So who gets the money?
Many of my fundraising projects have involved organisations that were new to fundraising. They often thought that the appointment of a fundraiser removed the pressure and responsibility of getting the money from their shoulders. Huge sigh of relief; let him get on with it. This was followed by the shock realisation that my appointment actually meant additional work for them. Fundraising is a joint effort. SO who gets the money? The answer is everyone who has an interest in the outcome of the project.
The need for teamwork is even more important in the current circumstances. Everyone is aware that COVID 19 has placed many organisations under financial strain, so the scrutiny of Funders has increased. The question they are naturally asking themselves is whether funding the organisation is a good investment or merely delaying an inevitable demise? Reassurance from the fundraiser that everything is fine and dandy might elicit Mandy Rice Davies’ oft misquoted response, “Well he would say that wouldn’t he”. In the current environment Funders need access to the senior staff for a full understanding of the organisational situation.
In my role as Grants Administrator, I talk to all the organisations that we put on our short-list to be considered for a grant. The aim is get a better understanding of the activities of the charity, its challenges and opportunities, and the leadership. I want, therefore to talk to the people who run the show and deliver the service. And I nearly always find that they want to talk to me. They are keen to explain their work and share their passion for what they do. They are genuinely pleased that someone is taking an interest.
When my conversation, as Grants Administrator, is with the fundraiser it naturally lacks that depth of knowledge. They are not on the front line of service delivery. So it is difficult for them to convey the commitment for the client group in the same way as those who have the lived experience. This can be important when weighing up the allocation of grants.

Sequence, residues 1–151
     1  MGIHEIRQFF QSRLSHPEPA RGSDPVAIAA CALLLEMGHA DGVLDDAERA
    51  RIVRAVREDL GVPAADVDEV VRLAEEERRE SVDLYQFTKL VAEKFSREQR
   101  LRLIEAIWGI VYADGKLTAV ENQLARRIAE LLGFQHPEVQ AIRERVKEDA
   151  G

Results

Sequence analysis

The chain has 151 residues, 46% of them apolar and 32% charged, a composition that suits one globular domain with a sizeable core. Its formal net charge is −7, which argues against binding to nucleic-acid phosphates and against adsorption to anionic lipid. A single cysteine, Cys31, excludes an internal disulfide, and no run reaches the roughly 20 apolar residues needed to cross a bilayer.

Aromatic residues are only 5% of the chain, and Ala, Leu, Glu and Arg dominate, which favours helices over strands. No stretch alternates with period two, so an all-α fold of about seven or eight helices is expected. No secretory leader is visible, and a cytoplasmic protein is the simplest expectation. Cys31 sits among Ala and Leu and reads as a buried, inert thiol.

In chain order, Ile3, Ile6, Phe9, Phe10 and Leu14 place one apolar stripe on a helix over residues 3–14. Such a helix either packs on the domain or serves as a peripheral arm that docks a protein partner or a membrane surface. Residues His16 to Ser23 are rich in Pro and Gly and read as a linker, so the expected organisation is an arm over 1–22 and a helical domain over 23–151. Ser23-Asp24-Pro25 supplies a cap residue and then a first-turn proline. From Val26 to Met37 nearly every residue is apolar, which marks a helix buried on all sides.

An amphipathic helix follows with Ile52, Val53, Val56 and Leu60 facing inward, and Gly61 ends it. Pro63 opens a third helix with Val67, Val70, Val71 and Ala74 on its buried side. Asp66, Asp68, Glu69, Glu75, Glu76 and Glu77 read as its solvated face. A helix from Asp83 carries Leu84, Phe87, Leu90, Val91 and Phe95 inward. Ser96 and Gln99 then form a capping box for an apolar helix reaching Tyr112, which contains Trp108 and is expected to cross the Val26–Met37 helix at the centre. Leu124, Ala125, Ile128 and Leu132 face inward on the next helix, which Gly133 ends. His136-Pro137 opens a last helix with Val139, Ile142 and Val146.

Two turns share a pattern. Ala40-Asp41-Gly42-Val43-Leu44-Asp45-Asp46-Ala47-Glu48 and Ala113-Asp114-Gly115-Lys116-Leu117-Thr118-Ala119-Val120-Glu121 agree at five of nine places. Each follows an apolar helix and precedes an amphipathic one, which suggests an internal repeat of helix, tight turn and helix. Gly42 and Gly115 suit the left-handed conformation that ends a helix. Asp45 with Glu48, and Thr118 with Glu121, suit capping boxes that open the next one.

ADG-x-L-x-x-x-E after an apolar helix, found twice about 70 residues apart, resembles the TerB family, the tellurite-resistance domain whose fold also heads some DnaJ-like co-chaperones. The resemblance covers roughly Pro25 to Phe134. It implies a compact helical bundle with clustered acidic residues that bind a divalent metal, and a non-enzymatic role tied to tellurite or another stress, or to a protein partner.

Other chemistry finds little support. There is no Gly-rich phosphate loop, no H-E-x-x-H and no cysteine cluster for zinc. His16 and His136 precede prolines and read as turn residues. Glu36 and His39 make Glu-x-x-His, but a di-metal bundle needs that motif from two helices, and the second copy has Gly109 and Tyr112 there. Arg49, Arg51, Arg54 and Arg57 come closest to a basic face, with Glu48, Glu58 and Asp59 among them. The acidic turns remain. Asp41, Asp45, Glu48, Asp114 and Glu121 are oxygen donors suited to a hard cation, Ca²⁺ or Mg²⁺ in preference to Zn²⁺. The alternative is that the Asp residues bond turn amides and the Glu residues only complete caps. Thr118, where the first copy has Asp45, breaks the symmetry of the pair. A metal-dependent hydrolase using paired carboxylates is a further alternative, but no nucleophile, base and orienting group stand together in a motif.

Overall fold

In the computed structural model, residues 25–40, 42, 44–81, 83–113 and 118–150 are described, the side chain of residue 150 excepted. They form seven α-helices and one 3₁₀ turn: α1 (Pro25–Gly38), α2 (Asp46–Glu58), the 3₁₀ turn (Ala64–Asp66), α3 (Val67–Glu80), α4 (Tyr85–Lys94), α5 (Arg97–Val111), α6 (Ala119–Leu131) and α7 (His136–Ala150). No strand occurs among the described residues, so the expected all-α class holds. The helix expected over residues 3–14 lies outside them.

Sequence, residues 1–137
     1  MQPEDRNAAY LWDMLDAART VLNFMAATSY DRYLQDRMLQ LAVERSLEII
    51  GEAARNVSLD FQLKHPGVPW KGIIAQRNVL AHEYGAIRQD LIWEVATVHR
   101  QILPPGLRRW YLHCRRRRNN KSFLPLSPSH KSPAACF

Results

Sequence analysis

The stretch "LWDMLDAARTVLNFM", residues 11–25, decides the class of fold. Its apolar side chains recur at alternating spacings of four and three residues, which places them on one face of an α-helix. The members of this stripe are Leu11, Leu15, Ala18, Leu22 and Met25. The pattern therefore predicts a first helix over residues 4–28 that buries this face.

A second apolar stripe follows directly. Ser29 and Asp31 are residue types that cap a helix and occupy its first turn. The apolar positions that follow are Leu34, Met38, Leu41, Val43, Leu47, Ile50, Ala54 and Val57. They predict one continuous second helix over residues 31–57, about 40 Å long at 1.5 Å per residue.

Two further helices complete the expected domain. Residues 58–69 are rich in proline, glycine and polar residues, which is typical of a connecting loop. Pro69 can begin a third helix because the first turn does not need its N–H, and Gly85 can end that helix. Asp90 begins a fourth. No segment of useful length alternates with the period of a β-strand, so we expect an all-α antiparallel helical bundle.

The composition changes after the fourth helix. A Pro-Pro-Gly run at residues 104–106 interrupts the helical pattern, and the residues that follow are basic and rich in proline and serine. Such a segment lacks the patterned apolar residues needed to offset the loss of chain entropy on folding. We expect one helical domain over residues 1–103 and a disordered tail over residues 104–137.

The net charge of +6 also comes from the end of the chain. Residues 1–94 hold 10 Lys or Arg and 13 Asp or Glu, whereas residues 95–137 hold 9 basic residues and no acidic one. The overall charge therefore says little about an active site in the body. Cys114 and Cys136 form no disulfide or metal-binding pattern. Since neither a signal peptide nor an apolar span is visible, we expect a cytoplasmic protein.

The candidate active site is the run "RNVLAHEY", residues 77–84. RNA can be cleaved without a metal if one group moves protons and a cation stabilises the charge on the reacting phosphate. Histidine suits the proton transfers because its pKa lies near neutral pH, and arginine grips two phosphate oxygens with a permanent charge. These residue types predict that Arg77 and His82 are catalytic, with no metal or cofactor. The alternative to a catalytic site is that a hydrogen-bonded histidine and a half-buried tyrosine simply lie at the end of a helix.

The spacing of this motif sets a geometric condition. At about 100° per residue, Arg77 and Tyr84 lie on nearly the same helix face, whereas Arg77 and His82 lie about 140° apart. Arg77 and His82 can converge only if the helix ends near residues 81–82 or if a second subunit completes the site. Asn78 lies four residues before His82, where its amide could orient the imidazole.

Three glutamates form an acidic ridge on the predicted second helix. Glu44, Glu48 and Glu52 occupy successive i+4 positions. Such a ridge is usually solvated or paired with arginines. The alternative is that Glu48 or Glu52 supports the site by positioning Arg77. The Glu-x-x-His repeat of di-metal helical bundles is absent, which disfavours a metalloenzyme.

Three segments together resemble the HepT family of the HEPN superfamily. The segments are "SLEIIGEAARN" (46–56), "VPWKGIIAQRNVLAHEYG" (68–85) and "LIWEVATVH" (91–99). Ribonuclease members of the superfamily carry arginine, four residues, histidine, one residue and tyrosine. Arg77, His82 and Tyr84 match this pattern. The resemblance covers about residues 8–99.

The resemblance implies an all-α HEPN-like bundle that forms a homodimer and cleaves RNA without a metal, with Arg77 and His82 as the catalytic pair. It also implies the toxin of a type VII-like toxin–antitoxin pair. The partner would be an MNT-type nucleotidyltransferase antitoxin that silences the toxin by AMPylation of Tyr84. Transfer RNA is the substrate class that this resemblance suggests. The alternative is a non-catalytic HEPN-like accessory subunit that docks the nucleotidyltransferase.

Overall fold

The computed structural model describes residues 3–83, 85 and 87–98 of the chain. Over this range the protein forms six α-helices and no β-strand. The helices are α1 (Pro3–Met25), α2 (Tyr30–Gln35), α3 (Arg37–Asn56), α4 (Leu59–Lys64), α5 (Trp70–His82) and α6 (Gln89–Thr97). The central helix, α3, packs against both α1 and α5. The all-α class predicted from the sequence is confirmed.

I carry that lesson over into my fundraising role. The Fundraiser may find the prospect but I always emphasise that it is the people who are involved in the project who do the convincing. Fundraising is a team effort and the collective effort is vital to success.The narrative in my post Getting Lucky Again provides a good example of this. The best advocates are the people who do the work, because their knowledge and commitment are irresistible sales tools. Funders like that sense of engagement and involvement.
Sometimes, particularly in medical research and treatment, the best advocates aren’t even on the team. They are those who have benefitted. Often the best fundraisers don’t even know they are fundraisers because they just tell the story of what happened and the miracle of the outcome. Nothing can take the place of the lived experience and the lived outcome. You can’t imitate that.
As a Fundraiser, no matter how strong my commitment to the cause, I have in the back of mind that my narrative is ultimately about securing a grant. The person whose whole focus is on the potential of the project is my preferred choice as prime persuader. It doesn’t have to be the most senior person. Often it is a junior whose enthusiasm shines through, lights up the room and demonstrates just how much of a team effort is involved.
The structure of the team is essential to success. Read more about it in Fundraising the Essentials for Success, in the section A Winning Team. Each person is there for a specific reason from senior endorsement to junior enthusiasm. So who gets the money? The team does!